What Does Iron Vitamins Do For You


Iron is important in making red blood cells, which carry oxygen around the body. Women who lose a lot of blood during their monthly period (heavy periods) are at higher risk of iron deficiency anaemia and may need to take iron supplements.

Why Do You Need Iron?

“The major reason we need it is that it helps to transport oxygen throughout the body,” says Paul Thomas, EdD, RD, a scientific consultant to the National Institutes of Health, Office of Dietary Supplements.
Without healthy red blood cells, your body can’t get enough oxygen. Iron has other important functions, too. “Iron is also necessary to maintain healthy cells, skin, hair, and nails,” says Elaine Chottiner, MD, clinical assistant professor and director of General Hematology Clinics at the University of Michigan Medical Center said in an email intervie.

Recommended Intake

It is better to try to consume enough in the diet alone by removing or reducing factors that may hinder iron absorption and consuming iron-rich foods.

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Other common chemical forms are ferrous gluconate and ferrous fumarate. Ask your health care provider how many pills you should take each day and when you should take them.
Taking more iron than your body needs can cause serious medical problems. Blood counts return to normal after 2 months of iron therapy for most people. You may need to continue taking supplements for another 6 to 12 months to build up the body’s iron stores in the bone marrow.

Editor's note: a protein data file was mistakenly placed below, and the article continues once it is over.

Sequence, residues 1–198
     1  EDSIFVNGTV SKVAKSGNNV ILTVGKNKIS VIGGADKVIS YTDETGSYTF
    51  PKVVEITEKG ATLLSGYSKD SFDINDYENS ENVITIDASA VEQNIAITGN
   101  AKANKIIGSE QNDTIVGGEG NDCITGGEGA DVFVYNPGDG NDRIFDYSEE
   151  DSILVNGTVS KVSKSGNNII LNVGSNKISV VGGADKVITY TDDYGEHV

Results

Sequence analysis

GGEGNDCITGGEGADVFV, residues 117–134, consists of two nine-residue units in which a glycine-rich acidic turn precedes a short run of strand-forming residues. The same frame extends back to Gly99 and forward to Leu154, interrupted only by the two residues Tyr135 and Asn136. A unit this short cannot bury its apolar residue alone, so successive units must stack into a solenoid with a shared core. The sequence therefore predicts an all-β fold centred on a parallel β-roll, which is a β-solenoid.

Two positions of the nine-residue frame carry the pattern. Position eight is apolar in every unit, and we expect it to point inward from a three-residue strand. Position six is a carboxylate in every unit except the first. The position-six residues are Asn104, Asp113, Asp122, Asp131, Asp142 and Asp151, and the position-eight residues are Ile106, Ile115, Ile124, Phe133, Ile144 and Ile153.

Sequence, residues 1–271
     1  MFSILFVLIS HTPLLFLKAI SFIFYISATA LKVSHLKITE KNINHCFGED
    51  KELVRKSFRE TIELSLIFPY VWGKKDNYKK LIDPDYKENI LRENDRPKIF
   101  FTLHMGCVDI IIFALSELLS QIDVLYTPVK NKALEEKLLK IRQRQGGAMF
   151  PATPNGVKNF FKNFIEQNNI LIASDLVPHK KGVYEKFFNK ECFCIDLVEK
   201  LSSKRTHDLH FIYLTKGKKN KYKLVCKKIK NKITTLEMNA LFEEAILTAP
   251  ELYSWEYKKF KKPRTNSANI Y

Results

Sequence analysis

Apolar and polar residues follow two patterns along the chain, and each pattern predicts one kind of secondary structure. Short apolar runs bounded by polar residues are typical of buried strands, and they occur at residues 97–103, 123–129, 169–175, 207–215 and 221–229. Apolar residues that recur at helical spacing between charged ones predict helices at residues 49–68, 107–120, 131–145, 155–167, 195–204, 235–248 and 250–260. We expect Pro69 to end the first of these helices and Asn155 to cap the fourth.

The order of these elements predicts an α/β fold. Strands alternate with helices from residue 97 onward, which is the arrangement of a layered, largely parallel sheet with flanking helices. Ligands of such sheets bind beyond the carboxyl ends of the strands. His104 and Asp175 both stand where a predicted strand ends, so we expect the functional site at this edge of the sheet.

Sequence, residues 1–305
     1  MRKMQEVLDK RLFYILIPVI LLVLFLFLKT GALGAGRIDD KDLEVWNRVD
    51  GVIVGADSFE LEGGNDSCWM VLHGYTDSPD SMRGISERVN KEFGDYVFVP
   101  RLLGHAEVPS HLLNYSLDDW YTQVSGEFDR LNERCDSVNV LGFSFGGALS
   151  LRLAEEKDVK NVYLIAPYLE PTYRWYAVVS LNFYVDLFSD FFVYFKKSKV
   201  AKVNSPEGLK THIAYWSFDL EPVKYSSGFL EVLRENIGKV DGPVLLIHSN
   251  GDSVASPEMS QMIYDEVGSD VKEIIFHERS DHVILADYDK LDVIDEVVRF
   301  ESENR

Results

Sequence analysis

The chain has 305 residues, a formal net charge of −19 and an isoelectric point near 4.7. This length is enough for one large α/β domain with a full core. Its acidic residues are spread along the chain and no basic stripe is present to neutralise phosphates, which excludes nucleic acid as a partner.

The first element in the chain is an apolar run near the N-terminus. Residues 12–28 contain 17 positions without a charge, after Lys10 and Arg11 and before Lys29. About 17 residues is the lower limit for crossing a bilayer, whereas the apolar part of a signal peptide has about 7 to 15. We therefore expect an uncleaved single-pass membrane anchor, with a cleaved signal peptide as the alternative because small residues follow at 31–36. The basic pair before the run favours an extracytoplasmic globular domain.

Iron is best absorbed on an empty stomach. Yet, iron supplements can cause stomach cramps, nausea, and diarrhea in some people. Milk, calcium and antacids should NOT be taken at the same time as iron supplements.
Drinking 8 ounces (240 milliliters) of fluid with an iron pill is also OK.

Tell your provider about all the medicines you are taking. Some of these include tetracycline, penicillin, and ciprofloxacin and drugs used for hypothyroidism, Parkinson disease, and seizures. Wait at least 2 hours between doses of these drugs and iron supplements.

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Constipation due to iron pills is common. Ask your provider about switching to another form of iron rather than just stopping. Black stools are normal when taking iron tablets.
Talk to your provider right away if:

The stools are tarry-looking as well as black

If the stools have red streaks

Cramps, sharp pains, or soreness in the stomach occur

Liquid forms of iron may stain your teeth. Keep iron supplements out of the reach of children. If your child swallows an iron pill, contact a poison control center right awa.

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